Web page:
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‘I stay with mommy and daddy’: This 22-year-old Californian says he can't afford to move out anytime soon — and many young people agree. But is the housing market really as bad as he claims?

‘I stay with mommy and daddy’: This 22-year-old Californian says he can't afford to move out anytime soon — and many young people agree. But is the housing market really as bad as he claims?
‘I stay with mommy and daddy’: This 22-year-old Californian says he can't afford to move out anytime soon — and many young people agree. But is the housing market really as bad as he claims?

To move out or not to move out, that is the question many young adults find themselves agonizing over these days.

Getting a place of your own used to be an important marker of adulthood and making your way in the world. But as one TikToker put it, leaving the nest simply seems out of reach for many of his generation.

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“Who in their right mind has moved out in this economy?” Tony, a 22-year-old Californian, says in his viral video. “I stay with mommy and daddy.”

In fact, many young adults are choosing to stay with mommy and daddy these days. A significant 57% of 18- to 24-year-olds still living at home, according to a recent Pew Research Center study.

And it’s clear why. Although recent analysis shows that rent increases have slowed since 2021, for renters to see true relief, they’d need to meet or exceed the national median household income. According to Zillow, that means earning more than $78,304. But in Tony’s home state of California, where rent costs significantly more than the national average, you’d likely need a six-figure salary to afford rent.

Here’s what’s really going on — and who ends up paying the biggest price in the end.

High rent, low wages

Young adults ready to launch are now facing a host of challenges, including a cost-of-living crisis, industry layoffs and stagnating wages. And that’s not to mention skyrocketing rent prices. The U.S. median monthly rent costs $1,964 in January, according to Rent.com.

Anthony, who lives in California, where the median rent price shoots up to $2,941, argues he could never find a space as good as his parents’. He has a big room with enough space for a desk, a large computer screen and a bed. He argues that if he moved out, he’d have to pay $1,000 to $2,000 a month — for a much smaller space.

Most young adults starting out their career can’t afford to pay that much for rent. California’s minimum wage is $16 per hour, which means if Anthony worked 40 hours a week at that rate, he’s only making $2,560 a month before taxes — leaving him well short of the state’s median rent rate.

And while Anthony’s situation would be hypothetical, there are many young people faced with this exact dilemma: they can’t afford to live on a single wage. To make up for this discrepancy, nearly 40% of Gen Z have two or more jobs, according to a 2023 report by marketing data and analytics company, Kantar. Anthony himself is a certified nursing assistant and does freelance graphic design on the side. Plus he’s in school getting his computer science degree.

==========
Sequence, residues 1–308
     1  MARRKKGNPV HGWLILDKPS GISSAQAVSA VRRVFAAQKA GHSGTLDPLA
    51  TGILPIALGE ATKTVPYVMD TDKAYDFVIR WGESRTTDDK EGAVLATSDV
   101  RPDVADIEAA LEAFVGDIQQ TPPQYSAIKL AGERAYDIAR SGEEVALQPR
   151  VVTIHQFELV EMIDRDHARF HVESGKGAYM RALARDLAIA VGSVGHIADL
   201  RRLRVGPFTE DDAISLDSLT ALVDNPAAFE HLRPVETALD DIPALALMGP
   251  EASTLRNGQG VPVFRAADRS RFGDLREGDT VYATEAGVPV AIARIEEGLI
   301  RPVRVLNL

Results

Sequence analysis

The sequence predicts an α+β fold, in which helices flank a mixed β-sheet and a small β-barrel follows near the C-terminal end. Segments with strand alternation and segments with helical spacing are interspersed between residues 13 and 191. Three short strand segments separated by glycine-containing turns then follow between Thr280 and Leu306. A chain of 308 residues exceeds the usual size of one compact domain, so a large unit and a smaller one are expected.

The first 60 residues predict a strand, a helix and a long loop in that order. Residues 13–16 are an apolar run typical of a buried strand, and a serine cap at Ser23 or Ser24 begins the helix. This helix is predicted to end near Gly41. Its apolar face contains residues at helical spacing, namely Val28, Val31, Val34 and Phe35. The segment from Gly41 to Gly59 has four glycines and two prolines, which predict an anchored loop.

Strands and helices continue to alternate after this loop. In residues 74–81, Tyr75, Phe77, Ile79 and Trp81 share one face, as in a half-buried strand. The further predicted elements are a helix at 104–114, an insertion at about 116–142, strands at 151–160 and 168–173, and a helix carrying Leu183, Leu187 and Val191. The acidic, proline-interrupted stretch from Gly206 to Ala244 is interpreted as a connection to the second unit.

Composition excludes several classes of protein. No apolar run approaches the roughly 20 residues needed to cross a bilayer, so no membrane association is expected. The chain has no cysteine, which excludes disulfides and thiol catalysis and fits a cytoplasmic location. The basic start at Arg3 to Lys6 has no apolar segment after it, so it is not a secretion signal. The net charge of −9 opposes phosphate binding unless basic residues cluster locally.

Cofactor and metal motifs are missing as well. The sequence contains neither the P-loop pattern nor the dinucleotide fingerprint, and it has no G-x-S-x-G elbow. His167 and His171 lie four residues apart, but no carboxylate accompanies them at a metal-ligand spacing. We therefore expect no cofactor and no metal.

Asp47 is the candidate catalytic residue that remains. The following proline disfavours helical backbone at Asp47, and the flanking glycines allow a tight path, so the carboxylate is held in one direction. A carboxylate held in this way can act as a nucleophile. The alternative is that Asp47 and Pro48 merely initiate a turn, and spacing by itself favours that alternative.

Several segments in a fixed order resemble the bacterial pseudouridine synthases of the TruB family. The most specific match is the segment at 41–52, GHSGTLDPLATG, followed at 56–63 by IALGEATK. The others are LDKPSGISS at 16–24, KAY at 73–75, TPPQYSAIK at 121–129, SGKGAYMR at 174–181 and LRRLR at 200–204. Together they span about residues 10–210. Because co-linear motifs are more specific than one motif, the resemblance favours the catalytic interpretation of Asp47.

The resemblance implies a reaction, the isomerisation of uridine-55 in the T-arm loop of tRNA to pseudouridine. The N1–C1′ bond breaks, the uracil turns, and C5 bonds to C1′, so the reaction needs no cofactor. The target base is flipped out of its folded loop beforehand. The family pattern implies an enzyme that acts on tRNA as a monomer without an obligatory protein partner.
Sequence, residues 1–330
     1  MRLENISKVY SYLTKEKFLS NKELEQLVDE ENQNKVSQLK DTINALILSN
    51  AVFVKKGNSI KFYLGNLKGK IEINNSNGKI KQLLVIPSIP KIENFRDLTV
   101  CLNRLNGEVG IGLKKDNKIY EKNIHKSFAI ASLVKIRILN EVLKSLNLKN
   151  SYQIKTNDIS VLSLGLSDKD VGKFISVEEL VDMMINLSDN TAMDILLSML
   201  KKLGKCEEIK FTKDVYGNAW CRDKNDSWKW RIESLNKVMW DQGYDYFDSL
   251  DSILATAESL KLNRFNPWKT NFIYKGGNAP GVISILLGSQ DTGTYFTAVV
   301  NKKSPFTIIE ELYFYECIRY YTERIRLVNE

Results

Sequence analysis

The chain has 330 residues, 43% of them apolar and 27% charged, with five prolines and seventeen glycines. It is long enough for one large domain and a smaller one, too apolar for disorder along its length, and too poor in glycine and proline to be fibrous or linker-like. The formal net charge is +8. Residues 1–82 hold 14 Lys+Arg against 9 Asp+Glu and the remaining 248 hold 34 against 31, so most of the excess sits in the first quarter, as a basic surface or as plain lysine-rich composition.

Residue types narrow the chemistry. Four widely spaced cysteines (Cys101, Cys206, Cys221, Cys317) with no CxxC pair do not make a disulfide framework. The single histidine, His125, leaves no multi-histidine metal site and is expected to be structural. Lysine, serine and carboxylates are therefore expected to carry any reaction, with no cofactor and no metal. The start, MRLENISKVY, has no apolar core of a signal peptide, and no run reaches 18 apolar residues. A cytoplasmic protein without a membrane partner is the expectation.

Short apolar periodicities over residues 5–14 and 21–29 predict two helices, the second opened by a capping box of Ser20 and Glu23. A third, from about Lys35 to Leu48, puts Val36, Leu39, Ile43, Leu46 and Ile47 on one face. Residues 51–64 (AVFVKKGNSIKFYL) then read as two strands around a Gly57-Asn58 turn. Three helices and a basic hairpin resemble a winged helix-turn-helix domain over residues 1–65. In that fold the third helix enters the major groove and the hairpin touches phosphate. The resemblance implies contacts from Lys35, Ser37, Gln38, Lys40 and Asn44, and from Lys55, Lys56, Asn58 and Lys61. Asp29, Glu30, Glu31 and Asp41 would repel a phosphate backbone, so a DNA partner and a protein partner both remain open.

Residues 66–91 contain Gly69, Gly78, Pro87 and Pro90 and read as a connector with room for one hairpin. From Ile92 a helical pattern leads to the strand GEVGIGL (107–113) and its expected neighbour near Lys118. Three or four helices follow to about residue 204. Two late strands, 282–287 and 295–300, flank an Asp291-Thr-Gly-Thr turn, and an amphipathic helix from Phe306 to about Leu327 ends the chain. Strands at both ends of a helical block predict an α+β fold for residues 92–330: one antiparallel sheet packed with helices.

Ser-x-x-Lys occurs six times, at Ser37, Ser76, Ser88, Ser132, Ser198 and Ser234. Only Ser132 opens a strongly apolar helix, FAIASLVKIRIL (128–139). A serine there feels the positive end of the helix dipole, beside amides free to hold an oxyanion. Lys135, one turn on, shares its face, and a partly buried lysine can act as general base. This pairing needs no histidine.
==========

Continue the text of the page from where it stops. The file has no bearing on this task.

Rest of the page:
“Being single and living on your own is nearly impossible, unless you are grinding and just broke,” he explains in another video.

Read more: Thanks to Jeff Bezos, you can now cash in on prime real estate — without the headache of being a landlord. Here's how

How will this affect the parents?

Parents have their own feelings about their kids living at home. One Gen X mom took to TikTok to voice why she feels the conditions her young adult kids are facing are way tougher than the struggles she and her generation experienced. Letting her kids stay at home for as long as they need is her way to give them a leg up.

But others, like personal finance celebrity Suze Orman argue it's in everyone's best interest to let the youth figure it out themselves.

The Pew study discovered that 18% of parents report a negative financial impact due to their adult child living at home. What Orman fears most is parents putting off preparing for retirement for the financial sake of their adult children.

Orman pleaded with parents in a 2023 blog post to at least charge adult kids some form of rent. It doesn’t have to be a lot, but it needs to be something. Pew finds that this isn’t an unusual ask: 72% of adult kids do contribute to household finances in some way, whether it be the rent or mortgage (46%) or groceries and utilities (65%).

It may seem uncomfortable, but Orman argues it’s a net positive for both parents and kids.

“You can teach your adult kid the lessons right now that will help them avoid financial trouble when they launch into their own households,” Orman wrote in her blog post. “How is that not a loving lesson?”

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This article provides information only and should not be construed as advice. It is provided without warranty of any kind.

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